Keeping customers happy is crucial to any business. Happy customers rate you highly online, they tweet about their experience and most importantly, they come back.
However, in a world driven by clickthrough-counts and loosely correlated stats, gauging how happy your customers are and utilising that soft data is much harder than it seems. Nimbus Ninety members gathered in the Covent Garden Hotel to discuss not only how to achieve the perfect happiness rating, but also how to measure it.
Too much noise
You would think that one of the hindrances to understanding the customer is not having enough data about them. In fact, it's the opposite: businesses have far more data on their customers than they know what to do with. The challenge is learning how to manage and utilise that data effectively.
With every interaction, customers give more of their data to businesses. Business and customers today have reached an understanding of the value exchange. Customers give data on the prerequisite that the service they’re receiving will somehow improve. “Tell us your favourite store” has the subtext of “because we want to give you a discount on your next visit”, with the understanding that both the customer and the business will benefit from the exchange.
Or at least in an ideal world, it should.
Part of getting this interaction right is cutting through the noise of too much big data and getting to the qualitative understanding of your customers. One member mentioned not maximising the analysis of the marketing data that was coming in: analysis only happened on transactional data. So much of getting the right data is about nailing the moment you ask for it. If you create an experience for a customer, you have to give them 4 or 5 quick questions about their experience right away. We live in a world of short-term memory spans, and customers will have forgotten and moved on to the next thing by the time a survey comes a day later. Collecting real-time qualitative data on customer experience is crucial.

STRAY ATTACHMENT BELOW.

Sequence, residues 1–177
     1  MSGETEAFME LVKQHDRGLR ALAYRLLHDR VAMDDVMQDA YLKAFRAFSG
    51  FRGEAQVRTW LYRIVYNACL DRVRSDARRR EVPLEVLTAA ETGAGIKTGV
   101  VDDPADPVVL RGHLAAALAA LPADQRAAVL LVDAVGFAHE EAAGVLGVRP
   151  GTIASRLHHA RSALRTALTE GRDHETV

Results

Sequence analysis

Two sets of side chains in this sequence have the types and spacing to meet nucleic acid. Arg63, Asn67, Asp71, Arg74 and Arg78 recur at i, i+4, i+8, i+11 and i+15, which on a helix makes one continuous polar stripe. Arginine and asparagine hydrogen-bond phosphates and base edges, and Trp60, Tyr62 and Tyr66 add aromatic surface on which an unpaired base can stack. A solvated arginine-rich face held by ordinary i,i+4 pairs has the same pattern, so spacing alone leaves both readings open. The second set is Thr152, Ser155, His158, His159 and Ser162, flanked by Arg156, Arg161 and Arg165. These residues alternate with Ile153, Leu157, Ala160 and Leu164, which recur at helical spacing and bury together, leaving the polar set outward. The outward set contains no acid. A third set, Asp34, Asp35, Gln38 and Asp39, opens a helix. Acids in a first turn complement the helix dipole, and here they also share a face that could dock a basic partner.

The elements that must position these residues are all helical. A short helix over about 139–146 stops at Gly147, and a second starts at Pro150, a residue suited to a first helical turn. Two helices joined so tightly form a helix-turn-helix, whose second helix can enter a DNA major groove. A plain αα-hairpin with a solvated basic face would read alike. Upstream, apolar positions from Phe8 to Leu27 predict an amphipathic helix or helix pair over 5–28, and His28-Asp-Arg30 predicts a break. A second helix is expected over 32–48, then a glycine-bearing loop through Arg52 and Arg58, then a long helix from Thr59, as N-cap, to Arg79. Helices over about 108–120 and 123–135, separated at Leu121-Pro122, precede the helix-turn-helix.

Another member talked about “data silos” impacting his organisation, with data being collected from all sorts of places. Ensuring the data is both connected to each other and maximised through analysis requires navigating the tension between data silos and the drive to be a “data-driven business”. Collecting this data in a connected way requires implementing systems that have the ability to integrate with each other: creating the push for this needs persuasion of senior stakeholders that this is in fact necessary for business growth.
A digital relationship
Collecting digital feedback of interaction with a brand can take many forms. Some members used email surveys and some did regular audits of social media.
However, one point that came out consistently in conversation was the need for humans to interact with other humans. A chatbot just won’t do when a customer has had a bad experience and needs the organisation to fix it. Similarly, customers have a tendency to only leave reviews online or interact with customer services if the experience has been truly excellent or utterly terrible. Collecting this data skews the average with its extremities.
Indeed, the end goal of collecting all this data, much of which is collected incidentally just by interacting with the customer, is to gain actionable insights to improve the experience of customers. Data analysis that is not statistically robust, that jumps to loose correlations for the sake of reaching one, creates poor and inaccurate insights.
As retail migrates further online and away from the high street, creating the online customer experience is needed to drive online sales higher. A feedback platform that can cut through this noise of too much feedback data is necessary to achieve the seamless and intuitive customer experience - and therefore, customer happiness.
This event was in partnership with Usabilla, a feedback platform that helps brands become truly customer-centric by improving digital experiences.